Clouds is a photo essay that documents the self-storage industry as cloud storage for domestic objects. If today’s digital clouds provide data storage with remote servers, then what are self-storage facilities but the analog clouds for our physical homes? As a critique of the contemporary aestheticization of data centers and of consumer relationships with objects, Clouds portrays storage space as the embodiment of excess brought on by industrialization and capitalism. Even as economies weaken, mass-production and mass-consumption persists. Homes are busting at the seams, spilling over into self-storage units located at the periphery of towns and cities, where possessions and clutter can exist at the back of our minds into this forgotten space. These photographs expose this marginalized space as a site of architecture, the epitome of standardization, a kit-of-parts, itself a product of mass-production.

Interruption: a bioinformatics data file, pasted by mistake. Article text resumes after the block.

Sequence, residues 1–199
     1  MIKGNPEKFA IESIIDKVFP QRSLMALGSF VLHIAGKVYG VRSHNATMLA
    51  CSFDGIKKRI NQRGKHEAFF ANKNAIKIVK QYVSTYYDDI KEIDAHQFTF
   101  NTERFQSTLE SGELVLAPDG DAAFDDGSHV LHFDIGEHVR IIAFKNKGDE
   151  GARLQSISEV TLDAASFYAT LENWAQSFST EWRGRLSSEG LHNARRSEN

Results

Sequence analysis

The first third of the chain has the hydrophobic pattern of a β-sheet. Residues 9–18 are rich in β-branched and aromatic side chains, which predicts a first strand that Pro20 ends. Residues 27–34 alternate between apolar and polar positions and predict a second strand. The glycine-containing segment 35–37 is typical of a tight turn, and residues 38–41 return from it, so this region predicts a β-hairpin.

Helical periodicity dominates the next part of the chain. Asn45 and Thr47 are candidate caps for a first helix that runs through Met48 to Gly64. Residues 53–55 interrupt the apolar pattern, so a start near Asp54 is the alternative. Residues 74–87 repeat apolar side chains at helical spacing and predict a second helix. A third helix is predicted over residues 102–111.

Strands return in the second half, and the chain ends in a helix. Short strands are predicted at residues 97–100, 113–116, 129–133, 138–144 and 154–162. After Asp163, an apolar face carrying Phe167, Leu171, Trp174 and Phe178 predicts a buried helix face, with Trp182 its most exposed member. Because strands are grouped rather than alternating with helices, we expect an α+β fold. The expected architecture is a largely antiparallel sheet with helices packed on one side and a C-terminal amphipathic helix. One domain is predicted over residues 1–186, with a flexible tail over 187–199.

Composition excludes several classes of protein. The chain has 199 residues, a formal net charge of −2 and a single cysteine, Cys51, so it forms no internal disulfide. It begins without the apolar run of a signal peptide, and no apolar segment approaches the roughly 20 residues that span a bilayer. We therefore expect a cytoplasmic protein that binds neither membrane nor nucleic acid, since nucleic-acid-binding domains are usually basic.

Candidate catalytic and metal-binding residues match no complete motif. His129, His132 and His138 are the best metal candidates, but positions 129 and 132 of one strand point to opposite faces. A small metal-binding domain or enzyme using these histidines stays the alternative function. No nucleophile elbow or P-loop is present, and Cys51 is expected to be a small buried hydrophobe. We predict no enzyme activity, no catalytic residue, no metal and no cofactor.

The images were originally presented in a group exhibition accompanied by a talk at the University of Michigan’s Taubman College Gallery, March-April 2014. In November 2014, a selection of the images along with some text were published by Columbia University’s online ARPA Journal as a digital photo essay.